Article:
How to Use Pumpkin Guts After Carving a Jack-O-Lantern

Pumpkin guts

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Making a jack-o-lantern is a treasured annual ritual: Picking out the perfect pumpkin, choosing a design, and carving it to bring your vision to life. But then you’ve got to figure out how to use the pumpkin guts and seeds you scraped out of it.

Try these ideas for how to use pumpkin seeds in new ways this Halloween—and even turn those stringy, slimy pumpkin guts into something delicious.

Make Pumpkin Broth

If you’re planning to whip up some pumpkin soup, pumpkin risotto, pumpkin curry, or pumpkin pasta sauce, you can boost the flavor by saving pumpkin guts and turning them into a flavorful broth.

After you’ve scraped out the innards, throw them—seeds and all—into a saucepan with aromatic veggies like onion, carrot, and celery and enough water to cover. Bring to a boil, then simmer for 30 minutes to one hour. Strain out the veggies, then refrigerate or freeze the pumpkin broth for use in recipes.

Make Pumpkin Liqueur

How about a festive pumpkin cocktail to go with your roasted pumpkin seed snack? The first step to sipping on a pumpkin martini is to infuse that seasonal flavor into vodka to make pumpkin liqueur.

In a small saucepan, combine 1 cup water with 1 cup of brown sugar. Bring the mixture to a boil, then lower to a simmer. Add 1 tablespoon ground pumpkin spice (you can also add a few cinnamon sticks, a clove, and a half-teaspoon each of ground nutmeg and ground ginger), 1/2 teaspoon vanilla, and 1/4 to 1/2 cup of pumpkin guts (no seeds).

Simmer the mixture for about 10 minutes, then strain and let cool completely. Combine with an equal measure of vodka and allow the mixture to meld flavors for a couple of days. You’re ready to make pumpkin cocktails! Store any leftover pumpkin liqueur in a sealed bottle in the fridge for up to three months.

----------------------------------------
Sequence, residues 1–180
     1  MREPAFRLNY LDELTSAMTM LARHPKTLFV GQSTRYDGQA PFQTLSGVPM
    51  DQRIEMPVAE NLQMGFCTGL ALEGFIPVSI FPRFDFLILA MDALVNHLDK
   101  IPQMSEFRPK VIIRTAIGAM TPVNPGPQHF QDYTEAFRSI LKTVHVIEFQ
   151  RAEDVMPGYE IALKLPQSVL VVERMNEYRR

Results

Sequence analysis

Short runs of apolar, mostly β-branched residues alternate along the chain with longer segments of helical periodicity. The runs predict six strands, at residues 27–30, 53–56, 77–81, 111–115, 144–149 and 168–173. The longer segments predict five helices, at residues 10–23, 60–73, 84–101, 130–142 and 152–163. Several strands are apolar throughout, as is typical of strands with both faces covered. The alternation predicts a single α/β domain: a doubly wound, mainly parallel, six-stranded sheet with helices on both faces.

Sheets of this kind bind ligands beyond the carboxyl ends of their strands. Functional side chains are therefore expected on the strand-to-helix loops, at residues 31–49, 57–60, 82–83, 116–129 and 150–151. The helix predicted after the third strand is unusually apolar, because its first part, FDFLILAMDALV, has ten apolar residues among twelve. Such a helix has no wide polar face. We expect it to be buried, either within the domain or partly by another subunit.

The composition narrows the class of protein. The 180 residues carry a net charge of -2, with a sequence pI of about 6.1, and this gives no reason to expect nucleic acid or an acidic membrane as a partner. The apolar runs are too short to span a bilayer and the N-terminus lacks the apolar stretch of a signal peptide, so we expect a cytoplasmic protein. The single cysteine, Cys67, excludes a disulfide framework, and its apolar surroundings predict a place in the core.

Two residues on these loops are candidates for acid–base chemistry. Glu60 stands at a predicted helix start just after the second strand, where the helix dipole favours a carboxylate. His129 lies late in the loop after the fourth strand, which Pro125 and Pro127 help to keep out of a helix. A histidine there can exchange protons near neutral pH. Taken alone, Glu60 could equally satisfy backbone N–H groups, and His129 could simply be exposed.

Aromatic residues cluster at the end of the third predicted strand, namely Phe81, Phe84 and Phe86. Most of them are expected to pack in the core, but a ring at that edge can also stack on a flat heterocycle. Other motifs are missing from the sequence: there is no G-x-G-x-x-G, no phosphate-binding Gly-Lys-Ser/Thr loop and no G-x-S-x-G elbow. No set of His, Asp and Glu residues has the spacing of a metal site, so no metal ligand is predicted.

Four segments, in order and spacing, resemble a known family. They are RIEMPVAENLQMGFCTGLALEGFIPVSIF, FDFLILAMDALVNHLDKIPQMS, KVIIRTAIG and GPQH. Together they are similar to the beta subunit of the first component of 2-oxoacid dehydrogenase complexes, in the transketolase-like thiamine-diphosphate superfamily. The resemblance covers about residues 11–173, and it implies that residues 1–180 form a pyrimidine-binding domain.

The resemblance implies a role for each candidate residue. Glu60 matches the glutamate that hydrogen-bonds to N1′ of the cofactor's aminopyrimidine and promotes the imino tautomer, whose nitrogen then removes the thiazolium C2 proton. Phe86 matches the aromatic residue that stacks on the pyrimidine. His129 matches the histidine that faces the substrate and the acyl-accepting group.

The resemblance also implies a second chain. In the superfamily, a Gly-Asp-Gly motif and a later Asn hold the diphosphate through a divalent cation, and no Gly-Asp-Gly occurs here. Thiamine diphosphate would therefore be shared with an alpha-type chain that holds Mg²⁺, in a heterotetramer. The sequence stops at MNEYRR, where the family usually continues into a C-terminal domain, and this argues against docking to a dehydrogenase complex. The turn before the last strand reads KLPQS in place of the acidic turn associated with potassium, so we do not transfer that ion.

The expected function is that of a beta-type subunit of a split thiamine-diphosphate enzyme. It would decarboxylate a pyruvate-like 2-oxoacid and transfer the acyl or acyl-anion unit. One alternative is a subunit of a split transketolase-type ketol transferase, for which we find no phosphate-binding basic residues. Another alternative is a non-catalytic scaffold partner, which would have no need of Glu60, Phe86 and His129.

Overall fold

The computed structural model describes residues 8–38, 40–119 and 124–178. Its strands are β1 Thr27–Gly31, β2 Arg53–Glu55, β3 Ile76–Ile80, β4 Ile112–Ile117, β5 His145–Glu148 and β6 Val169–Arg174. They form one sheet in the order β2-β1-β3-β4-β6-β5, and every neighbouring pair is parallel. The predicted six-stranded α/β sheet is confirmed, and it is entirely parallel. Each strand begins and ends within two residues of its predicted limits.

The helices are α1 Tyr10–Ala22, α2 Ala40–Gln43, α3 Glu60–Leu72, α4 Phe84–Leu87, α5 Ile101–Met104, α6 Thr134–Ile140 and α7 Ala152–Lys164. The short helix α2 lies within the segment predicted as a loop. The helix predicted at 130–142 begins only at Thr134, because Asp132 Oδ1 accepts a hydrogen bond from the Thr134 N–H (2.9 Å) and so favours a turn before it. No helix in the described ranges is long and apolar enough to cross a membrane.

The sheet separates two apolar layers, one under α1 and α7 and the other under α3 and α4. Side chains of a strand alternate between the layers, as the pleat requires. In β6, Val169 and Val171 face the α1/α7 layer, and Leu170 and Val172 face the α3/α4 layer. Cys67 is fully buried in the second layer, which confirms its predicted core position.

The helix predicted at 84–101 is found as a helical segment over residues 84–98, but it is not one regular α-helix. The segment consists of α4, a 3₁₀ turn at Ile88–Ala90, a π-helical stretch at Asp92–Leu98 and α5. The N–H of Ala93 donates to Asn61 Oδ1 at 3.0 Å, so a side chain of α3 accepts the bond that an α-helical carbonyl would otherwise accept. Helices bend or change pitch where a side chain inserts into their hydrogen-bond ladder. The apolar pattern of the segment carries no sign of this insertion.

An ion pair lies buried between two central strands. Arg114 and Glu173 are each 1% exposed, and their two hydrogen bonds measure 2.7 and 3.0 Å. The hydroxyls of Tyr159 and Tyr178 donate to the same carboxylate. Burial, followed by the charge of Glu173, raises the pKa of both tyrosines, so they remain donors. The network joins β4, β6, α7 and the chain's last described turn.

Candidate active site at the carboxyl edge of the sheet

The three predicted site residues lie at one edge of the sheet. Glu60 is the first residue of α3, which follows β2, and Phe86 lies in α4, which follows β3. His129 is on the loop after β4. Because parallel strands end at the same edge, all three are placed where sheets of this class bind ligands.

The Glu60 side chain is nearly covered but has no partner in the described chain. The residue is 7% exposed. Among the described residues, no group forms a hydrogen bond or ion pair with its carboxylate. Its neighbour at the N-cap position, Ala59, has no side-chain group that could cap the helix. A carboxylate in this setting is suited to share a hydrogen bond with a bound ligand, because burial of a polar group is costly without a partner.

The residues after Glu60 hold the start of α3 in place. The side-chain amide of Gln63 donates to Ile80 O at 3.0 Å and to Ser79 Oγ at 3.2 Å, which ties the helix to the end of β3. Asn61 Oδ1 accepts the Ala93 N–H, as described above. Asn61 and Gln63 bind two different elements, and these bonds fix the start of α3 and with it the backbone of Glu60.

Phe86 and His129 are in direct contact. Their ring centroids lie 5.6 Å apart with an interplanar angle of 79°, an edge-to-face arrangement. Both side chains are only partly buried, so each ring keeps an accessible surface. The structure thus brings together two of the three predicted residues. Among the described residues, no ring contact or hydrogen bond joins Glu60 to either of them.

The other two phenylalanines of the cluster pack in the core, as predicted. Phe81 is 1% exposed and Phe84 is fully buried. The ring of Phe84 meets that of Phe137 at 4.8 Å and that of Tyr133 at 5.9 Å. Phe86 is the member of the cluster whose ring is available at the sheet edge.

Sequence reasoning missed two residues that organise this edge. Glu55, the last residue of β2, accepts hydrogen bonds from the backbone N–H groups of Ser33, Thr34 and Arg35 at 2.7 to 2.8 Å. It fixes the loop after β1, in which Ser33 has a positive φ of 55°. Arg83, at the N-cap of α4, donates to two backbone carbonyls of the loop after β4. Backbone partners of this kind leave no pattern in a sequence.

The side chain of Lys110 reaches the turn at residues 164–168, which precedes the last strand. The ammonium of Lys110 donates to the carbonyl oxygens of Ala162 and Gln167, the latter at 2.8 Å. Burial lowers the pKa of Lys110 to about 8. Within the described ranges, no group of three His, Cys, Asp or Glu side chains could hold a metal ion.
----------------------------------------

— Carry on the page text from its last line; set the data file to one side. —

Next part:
Make Pumpkin Puree

Use this technique to get a meal out of your jack-o-lantern. In addition to the stringy guts and seeds, scrape out as much of the pumpkin’s flesh as you can without compromising its structural integrity (or the design you’re planning to carve). Separate out the seeds and reserve for another use. 

Put the pumpkin flesh and stringy bits in a pan with an inch or so of water, then bake them in the oven at 350 F until they’re tender—anywhere from 60 to 90 minutes, depending on how much pumpkin flesh you end up with. Puree the cooked pumpkin and use it in pumpkin bread, pumpkin muffins, pumpkin cookies, pumpkin pie...you get the idea. It freezes well for later use, too. 

Roast Pumpkin Seeds

There’s a reason roasted pumpkin seeds are an autumn classic: it turns something you might be tempted to throw away into a delicious snack. After scraping out your jack-o-lantern, separate out the seeds from the stringy pumpkin guts. Rinse or soak the seeds in water to clean them off, then drain and pat them dry with a kitchen towel.

Toss the seeds with a little olive oil and salt to taste, then spread them on a foil-lined baking sheet and roast them in a 300oF oven for 35 to 45 minutes, stirring once or twice to help the seeds toast evenly. 

The pumpkin seed possibilities are endless: You can mix things up with variations like pumpkin spice or garlic parmesan, candy your pumpkin seeds, and even mix them into muffins or use them to top pumpkin cake for added crunch.

Make Pumpkin Spice Oatmeal

That pumpkin puree you made isn’t just for baked treats and sweet desserts. It’s great for adding some variety and extra nutrition to your morning oatmeal, too. 

Stir a few spoonfuls of pumpkin puree into your oatmeal before you cook it, whether that’s on the stovetop, in the microwave, or in the Instant Pot. Add a pinch of complementary spices like ginger, allspice, nutmeg, cinnamon, and/or cloves to the mixture before cooking.

Top the finished oatmeal with maple syrup, brown sugar, or roasted pumpkin seeds to add a little texture. You add pumpkin flavor to overnight oats, too.

Save Seed to Grow Your Own Pumpkins

Seed saving is a great way to set yourself up for success in your garden next season. However, hybrid pumpkins don’t grow true to seed—meaning you won’t get the same kind of fruit. For this reason, your standard supermarket pumpkin isn’t a good candidate for seed saving.

Instead, seek out heirloom pumpkins, which often come in unique colors and shapes. You may have better luck finding heirloom pumpkins at a farmers’ market or local farmstand, where you can also ask the grower to confirm your pumpkin isn’t a hybrid variety. Here’s how to save your own pumpkin seeds to plant next year.